“The business started off as more of a hobby. All of the money to start with simply came from the small orders we were getting – I would use that money to buy more materials and make more diapers. As the business grew, there were points along the way that we invested our own money from personal savings, but most of the funding has been reinvesting the money from sales.”

The biggest challenge she has faced so far has been finding and accessing the right materials. “The fabrics needed to make quality diapers are very specific. In the beginning, I was always changing our pattern and trying out new materials. I didn’t have the capital initially to buy and import large quantities of fabric. Additionally, balancing quality and affordability has been a significant challenge. We want to use the best materials and make a diaper that is comparable to any diaper in the international market, and we want to pay our tailors a good wage. At the same time, we want to be able to price them affordably.”

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Valerie has had the benefit of convenient and accessible test subjects, though. “I developed the patterns and designs for most of our products, and tested everything on my own children. Nathan was still a baby when we started, so I would use our diapers on him and would take note of places where the design or materials could be improved. Whenever I got an idea for a new product I would make a sample and test it on him. Shortly after Nathan got out of diapers, I had my third child, Joel, and he became my new test case. It took me about two years of trial and error to come up with our current designs and materials, but I am now very confident in our products because of all the testing and improving I have done with my own babies,” she laughs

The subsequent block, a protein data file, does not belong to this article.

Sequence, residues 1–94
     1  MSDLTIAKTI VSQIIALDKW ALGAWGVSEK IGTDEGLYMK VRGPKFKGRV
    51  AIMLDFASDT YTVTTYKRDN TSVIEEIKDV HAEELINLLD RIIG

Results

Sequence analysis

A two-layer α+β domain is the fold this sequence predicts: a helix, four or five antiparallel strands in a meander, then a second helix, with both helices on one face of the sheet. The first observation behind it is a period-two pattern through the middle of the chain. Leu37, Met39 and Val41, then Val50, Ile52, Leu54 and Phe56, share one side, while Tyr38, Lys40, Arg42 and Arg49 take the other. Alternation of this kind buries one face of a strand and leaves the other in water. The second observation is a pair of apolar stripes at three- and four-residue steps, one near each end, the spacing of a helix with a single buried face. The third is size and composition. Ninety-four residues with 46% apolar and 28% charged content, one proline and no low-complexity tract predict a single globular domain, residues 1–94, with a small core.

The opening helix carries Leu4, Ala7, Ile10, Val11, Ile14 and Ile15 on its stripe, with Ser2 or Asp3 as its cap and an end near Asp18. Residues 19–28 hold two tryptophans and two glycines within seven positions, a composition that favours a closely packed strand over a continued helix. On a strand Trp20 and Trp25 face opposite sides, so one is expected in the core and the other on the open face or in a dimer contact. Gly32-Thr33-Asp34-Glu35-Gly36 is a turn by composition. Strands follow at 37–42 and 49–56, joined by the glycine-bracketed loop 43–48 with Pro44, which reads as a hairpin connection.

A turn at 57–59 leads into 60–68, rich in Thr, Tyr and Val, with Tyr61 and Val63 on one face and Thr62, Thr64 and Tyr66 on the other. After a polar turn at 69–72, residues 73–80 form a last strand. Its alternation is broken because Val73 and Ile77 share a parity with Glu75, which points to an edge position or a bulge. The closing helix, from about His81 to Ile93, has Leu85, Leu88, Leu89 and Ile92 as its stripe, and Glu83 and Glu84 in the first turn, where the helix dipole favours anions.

Valerie believes becoming a mother was a transformational experience for her in many ways. “When I had my first child, my perspective on my life and career shifted. Although I had always been ambitious, suddenly this little baby was the most important thing in my world. Being a business owner means having the flexibility to do meaningful work on my own schedule and being able to prioritize my family. Also, I was no longer just worried about my own health and well-being but felt a strong need to do whatever I could to keep my baby safe and healthy and to make environmentally conscious choices for my child’s future. I learned everything I could about natural parenting and natural baby care, and I’ve been able to use this knowledge to guide my business as well as our blog, Kijani Baby.”

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Valerie advises women interested in starting a business to start small and learn from others. “We ran Kijani out of my house for the first several years with almost no capital investment. You don’t need a lot of capital to get started, and if you start small you don’t have a lot to lose if you make mistakes. Find other successful business people in your community and ask them questions about their systems and the way they run their business. Read and learn everything you can about running a business and about your industry. I am proud of taking a small idea and trying it out even when I had no idea if it would work or not – it was about making mistakes, correcting course, and not giving up.”

It worked for her. Valerie and her team recently celebrated the sale of their 2000th diaper.

Elaine Pirozzi lives and writes in Washington, DC.